When the eardrum is torn by the pressure of the infection, you may experience one or some of the symptoms listed above. The treatments described below are not suitable and, on the contrary, can be dangerous in this case, since the fluids can reach the back of the eardrum and penetrate into the inner ear. Always visit the specialist if you show one of these signs in addition to those typical of the swimmer’s ear.
If you have previously had damage to the eardrum or have undergone ear surgery, consult a doctor before performing the following treatments, even if you do not experience symptoms of tympanic tearing.
6) Heat a mixture of alcohol and vinegar.
Prepare a solution in equal parts of white vinegar and 70% alcohol and heat it until it becomes hot but not boiling.
Alternatively, buy a non-aqueous solution of ear drops based on acetic acid in the pharmacy.
Cold or hot liquids in the ear can cause dizziness. Try to bring the temperature of the solution to the level of the body.
7) Rinse your ear if you feel it obstructed.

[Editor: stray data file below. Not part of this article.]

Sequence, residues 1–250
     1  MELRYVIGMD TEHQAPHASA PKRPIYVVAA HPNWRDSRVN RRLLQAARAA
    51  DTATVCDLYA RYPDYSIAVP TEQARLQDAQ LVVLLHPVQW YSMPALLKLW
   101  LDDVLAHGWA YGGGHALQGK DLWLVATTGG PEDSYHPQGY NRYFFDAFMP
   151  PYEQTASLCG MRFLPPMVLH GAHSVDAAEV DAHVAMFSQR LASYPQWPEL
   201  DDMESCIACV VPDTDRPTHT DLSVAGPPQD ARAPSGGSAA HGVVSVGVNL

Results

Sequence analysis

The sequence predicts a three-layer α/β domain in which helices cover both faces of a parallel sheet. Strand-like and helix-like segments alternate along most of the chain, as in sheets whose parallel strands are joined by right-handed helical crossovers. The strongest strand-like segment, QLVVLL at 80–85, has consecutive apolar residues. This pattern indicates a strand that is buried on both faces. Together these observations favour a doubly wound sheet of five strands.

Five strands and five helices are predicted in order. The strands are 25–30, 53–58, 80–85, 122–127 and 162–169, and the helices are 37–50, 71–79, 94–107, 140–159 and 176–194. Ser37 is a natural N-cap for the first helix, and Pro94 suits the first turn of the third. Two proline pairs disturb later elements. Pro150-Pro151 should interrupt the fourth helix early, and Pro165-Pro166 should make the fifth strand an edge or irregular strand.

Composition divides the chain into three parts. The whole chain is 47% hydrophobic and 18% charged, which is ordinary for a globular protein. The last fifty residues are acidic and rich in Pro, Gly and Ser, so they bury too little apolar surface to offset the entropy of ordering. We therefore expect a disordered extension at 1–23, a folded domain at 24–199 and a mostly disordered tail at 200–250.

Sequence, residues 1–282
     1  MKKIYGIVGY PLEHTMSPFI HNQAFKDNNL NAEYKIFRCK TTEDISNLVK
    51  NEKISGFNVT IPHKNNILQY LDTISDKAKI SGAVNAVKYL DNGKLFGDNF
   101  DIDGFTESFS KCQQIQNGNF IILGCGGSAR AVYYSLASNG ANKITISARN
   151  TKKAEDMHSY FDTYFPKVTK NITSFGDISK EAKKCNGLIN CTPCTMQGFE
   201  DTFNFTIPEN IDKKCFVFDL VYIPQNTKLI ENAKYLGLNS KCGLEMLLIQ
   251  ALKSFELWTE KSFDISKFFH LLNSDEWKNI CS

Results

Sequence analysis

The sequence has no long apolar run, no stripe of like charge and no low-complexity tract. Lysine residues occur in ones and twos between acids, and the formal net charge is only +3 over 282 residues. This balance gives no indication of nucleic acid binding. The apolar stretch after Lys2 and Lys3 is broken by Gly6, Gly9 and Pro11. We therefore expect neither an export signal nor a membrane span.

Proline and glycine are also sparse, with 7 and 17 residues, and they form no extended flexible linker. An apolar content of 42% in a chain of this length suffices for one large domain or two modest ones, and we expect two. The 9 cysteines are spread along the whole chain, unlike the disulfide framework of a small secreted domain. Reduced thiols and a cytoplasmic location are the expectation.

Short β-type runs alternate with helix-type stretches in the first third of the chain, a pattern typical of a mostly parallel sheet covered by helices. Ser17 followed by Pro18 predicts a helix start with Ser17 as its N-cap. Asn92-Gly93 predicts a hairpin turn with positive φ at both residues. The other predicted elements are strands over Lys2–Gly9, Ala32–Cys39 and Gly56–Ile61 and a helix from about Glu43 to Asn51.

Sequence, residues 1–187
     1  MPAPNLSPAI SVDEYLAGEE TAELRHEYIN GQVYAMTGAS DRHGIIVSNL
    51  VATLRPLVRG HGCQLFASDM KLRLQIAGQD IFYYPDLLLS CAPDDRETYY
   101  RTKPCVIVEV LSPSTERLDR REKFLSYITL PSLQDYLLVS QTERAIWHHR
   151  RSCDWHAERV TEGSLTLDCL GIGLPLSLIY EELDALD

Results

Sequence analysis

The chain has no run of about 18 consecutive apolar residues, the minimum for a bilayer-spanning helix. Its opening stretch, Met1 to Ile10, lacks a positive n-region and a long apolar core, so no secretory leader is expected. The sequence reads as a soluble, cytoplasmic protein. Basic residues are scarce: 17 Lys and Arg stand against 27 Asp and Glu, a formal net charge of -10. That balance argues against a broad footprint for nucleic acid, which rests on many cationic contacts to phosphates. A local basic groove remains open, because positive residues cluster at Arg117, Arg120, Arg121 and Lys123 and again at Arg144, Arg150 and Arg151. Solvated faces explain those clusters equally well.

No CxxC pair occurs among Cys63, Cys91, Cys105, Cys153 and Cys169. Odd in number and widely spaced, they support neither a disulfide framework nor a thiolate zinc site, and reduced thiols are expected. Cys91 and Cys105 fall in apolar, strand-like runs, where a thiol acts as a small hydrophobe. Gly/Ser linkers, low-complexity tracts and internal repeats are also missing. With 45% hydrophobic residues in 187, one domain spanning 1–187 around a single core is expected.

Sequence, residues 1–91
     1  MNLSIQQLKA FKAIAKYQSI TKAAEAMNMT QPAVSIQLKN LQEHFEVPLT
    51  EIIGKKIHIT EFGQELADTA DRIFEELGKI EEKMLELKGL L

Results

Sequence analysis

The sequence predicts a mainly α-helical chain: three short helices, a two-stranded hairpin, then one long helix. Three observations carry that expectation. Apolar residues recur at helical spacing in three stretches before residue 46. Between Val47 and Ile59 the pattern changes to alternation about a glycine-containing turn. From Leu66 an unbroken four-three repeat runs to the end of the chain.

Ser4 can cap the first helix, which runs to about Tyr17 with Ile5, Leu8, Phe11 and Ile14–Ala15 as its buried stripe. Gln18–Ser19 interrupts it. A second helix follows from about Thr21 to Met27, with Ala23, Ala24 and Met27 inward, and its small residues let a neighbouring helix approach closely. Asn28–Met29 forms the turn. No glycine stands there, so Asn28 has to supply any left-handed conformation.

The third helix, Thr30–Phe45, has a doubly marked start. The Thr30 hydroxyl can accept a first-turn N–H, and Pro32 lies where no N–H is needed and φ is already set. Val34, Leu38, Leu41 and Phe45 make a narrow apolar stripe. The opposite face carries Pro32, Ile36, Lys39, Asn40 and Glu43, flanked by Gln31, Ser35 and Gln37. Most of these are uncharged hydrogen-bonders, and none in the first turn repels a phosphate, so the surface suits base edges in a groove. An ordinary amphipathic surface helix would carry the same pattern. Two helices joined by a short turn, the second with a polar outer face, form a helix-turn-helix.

The presence of some earwax is not a problem, but if the ear canal is clogged, dirty or contains residues, it may be necessary to do a proper cleaning first. Fill a bulb syringe with the vinegar and alcohol mixture and sprinkle a little in the ear canal, letting it drain.
Keep in mind that it is not recommended to rinse the ear with warm water, in case of external otitis.
If your ear is still blocked, visit an otolaryngologist or ask your family doctor to prescribe a specialist visit. The otorine is able to clean the ear more effectively by suction.
Never put this remedy on a person with diabetes, even at the doctor’s office.
8) Apply the solution as you would with the ear drops.
Alcohol helps evaporate the residual moisture, while vinegar makes the ear canal more acidic; both these elements make the ear a less welcoming environment for bacteria. Apply the drops following this method:
Heat the solution by rubbing the vial in your hands or by placing it in a cup of hot water, avoiding this coming into contact with the solution.
Lie down so that the affected ear is facing up.
Ask a family member to place two or three drops on the wall of the ear canal, trying to let the air out so that the drops remain inside the ear. Try to move your ear gently to help the solution work.
Stay relaxed for a few minutes.
9) Contact your doctor to undergo other treatments.
If you do not see any signs of improvement, you should visit a specialist, so he can recommend one or more of the following therapies: